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young children and the eclipse

  • 1.  young children and the eclipse

    Posted 08-16-2017 09:31 AM
    In addition to thinking about safe viewing I was wondering what young children of different ages might understand about an eclipse. What are your thoughts on the balance between letting children observe and adults giving information about the eclipse?

    What might a toddler understand, a preschooler, a child in kindergarten, etc? What are some books adults might read with young children, learning activities, etc. I was thinking of useful info for both teachers and families. 

    Thanks!


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    Susan Friedman
    Bethesda MD
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  • 2.  RE: young children and the eclipse

    Posted 08-17-2017 06:29 PM
    ​A book I have always liked for young children is Happy Birthday, Moon by Frank Asch.  It is a good way to introduce older toddlers, and preschoolers, to the idea that we can see the moon in the sky, but it is too far away to touch.  I think I would share stories and songs about the sun and the moon with children to build the background knowledge a little before trying to explain the science behind the eclipse.  Some children may associate the moon only with night time, and the sun only with day time.

    After the initial introduction, I think a simple explanation about how the eclipse happens, no matter the child's age, would suffice.  Then address any questions that might come up, like you would with other subjects.  If they ask questions you don't know the answer to, find out the answers together.

    Janeen Ward
    Early Childhood Instructor
    Southeast Community College
    Lincoln, Nebraska

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    Janeen Ward
    Lincoln NE
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  • 3.  RE: young children and the eclipse

    Posted 08-18-2017 09:33 AM

    Last time we studied space, we explored shadows indoors and outdoors using flashlights and other objects. I had books from the library with photos of the moon and space objects. While we were looking at the books, one child asked some great questions and I ended up doing a simple model of how the moon revolves around the Earth and the earth revolves around the sun. A few others got interested, too, and were able to talk about it later. Many children in the class also understood the concept of the sun hiding behind the clouds due to a failed Smores experiment (we tried to make Smores outside on a cloudy day).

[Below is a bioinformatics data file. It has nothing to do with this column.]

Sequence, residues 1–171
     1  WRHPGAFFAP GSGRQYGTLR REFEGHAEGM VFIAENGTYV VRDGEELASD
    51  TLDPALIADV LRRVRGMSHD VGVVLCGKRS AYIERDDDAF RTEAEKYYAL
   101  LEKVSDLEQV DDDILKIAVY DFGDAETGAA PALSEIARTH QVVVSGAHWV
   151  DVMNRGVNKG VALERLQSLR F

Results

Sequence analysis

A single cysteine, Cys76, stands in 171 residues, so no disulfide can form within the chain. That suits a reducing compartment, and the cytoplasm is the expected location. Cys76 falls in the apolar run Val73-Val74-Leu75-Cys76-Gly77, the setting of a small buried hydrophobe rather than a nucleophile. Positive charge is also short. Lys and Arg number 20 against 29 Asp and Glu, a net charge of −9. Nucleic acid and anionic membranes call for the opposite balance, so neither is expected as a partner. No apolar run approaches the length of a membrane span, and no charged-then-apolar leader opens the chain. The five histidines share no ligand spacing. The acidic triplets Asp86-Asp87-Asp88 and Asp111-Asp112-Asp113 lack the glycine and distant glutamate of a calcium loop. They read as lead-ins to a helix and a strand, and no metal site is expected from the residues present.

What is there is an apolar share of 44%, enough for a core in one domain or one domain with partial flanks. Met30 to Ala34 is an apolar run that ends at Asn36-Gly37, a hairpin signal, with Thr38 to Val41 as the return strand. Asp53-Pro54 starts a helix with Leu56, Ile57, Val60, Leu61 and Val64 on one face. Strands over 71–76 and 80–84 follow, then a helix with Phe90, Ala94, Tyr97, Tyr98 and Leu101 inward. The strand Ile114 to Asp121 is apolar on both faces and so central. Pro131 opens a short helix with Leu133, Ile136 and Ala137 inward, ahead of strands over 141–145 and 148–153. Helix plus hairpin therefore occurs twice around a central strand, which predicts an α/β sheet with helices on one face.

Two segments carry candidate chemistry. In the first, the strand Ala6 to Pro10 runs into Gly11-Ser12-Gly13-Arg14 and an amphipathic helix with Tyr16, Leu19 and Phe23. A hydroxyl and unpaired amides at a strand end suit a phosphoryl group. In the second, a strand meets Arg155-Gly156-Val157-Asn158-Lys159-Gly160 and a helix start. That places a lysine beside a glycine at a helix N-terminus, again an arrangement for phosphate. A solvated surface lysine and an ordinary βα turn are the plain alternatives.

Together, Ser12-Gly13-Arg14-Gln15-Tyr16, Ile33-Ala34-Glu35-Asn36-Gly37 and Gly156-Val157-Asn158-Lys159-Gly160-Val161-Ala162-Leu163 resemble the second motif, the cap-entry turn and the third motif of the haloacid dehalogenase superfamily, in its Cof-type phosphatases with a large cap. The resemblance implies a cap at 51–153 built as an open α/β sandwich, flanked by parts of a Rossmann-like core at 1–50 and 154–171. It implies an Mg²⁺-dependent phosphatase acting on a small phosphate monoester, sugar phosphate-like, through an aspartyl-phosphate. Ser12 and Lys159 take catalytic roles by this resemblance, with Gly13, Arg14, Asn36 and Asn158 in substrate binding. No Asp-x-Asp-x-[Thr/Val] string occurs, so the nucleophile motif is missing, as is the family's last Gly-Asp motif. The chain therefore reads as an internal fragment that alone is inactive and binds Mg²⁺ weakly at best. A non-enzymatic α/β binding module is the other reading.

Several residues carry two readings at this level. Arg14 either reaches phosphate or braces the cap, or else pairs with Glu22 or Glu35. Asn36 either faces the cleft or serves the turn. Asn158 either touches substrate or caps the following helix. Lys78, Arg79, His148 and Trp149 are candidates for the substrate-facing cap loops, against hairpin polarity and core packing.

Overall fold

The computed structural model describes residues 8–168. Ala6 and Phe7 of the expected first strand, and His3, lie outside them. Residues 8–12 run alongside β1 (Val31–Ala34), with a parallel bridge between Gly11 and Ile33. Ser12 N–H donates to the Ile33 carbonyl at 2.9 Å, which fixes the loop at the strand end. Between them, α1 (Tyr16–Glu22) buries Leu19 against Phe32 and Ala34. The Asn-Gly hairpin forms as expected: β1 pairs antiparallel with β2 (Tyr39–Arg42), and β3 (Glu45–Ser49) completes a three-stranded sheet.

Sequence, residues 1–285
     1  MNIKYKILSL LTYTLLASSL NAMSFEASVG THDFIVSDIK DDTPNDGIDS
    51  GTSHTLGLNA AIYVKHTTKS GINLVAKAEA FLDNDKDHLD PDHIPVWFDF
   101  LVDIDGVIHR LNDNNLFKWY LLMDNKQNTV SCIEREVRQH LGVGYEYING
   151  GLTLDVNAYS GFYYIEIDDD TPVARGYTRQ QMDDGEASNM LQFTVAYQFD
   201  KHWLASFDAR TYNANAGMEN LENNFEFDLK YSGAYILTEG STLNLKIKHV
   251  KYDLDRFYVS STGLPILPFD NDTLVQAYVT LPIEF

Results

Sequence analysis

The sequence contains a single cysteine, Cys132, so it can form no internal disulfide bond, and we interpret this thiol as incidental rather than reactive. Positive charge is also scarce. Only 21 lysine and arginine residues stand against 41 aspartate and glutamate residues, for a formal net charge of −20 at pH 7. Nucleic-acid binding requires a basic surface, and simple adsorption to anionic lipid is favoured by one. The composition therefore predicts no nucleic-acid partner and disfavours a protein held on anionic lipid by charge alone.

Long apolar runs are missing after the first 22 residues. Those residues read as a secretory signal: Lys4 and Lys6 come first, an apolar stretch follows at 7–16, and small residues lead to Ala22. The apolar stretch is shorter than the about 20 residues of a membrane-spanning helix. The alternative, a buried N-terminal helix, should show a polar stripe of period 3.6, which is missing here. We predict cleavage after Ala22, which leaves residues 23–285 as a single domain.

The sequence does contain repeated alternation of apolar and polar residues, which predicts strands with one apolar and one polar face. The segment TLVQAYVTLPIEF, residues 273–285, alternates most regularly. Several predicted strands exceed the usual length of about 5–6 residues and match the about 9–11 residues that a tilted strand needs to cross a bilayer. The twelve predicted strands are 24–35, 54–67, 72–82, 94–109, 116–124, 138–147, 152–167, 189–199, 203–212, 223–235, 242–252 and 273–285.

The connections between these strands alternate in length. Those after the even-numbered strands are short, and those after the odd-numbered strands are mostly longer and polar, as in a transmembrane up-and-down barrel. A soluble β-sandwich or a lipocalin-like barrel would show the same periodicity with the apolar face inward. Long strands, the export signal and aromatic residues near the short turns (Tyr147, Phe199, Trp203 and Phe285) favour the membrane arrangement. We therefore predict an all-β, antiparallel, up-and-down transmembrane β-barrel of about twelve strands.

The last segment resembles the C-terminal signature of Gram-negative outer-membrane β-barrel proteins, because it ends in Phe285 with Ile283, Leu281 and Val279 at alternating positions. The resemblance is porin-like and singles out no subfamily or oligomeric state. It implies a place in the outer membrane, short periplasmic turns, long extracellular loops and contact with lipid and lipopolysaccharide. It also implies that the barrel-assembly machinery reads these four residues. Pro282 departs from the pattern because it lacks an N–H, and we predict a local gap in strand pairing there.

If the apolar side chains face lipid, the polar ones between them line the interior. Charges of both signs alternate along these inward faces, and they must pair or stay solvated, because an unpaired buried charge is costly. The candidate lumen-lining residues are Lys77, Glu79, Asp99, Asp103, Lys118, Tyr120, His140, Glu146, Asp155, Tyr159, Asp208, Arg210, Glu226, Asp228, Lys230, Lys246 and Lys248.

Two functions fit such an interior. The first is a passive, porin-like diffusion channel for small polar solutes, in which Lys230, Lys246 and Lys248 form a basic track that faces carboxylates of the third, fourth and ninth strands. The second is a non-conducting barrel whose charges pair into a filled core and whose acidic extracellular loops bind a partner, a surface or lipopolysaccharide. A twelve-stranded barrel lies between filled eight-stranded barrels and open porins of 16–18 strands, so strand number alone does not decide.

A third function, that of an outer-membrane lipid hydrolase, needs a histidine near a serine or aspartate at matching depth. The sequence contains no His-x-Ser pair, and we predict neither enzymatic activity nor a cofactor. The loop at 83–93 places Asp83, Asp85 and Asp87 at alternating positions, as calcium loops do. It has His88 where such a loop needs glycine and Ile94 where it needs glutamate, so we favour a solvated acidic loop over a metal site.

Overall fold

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    Amy Latta
    Lead NC PreK Teacher
    "All that is gold does not glitter; not all who wander are lost." --J.R.R. Tolkien
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  • 4.  RE: young children and the eclipse

    Posted 08-19-2017 10:54 AM
    The solar eclipse on this coming Monday, August 21, 2017, will be a phenomenon that children can experience safely.
    Another book that is written with families in mind is "When the Sun Goes Dark" by Andrew Fraknoi and Dennis Schatz
    http://www.nsta.org/publications/press/extras/sundark.aspx
    I wrote about it on the National Science Teachers Association's Early Years blog: Total Solar Eclipse on Monday, August 21, 2017!
    Nstacommunities remove preview
    Total Solar Eclipse on Monday, August 21, 2017!
    If you haven't heard about what is known as the Great American Eclipse by now, it is not too late. This August 21, 2017 natural phenomena promises to be well worth "attending" or stepping outdoors for at least a few minutes approaching the moment when most of the Sun is covered by the Moon in your location.
    View this on Nstacommunities >
     I hope to hear how everyone's experiences went, here and on the NSTA Early Years blog.

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    Peggy Ashbrook
    Early childhood science teacher
    Alexandria, VA
    NSTA The Early Years columnist, Science and Children
    Early Years blogger, www.nsta.org/earlyyears
    Author: Science Learning in the Early Years, and
    Science Is Simple
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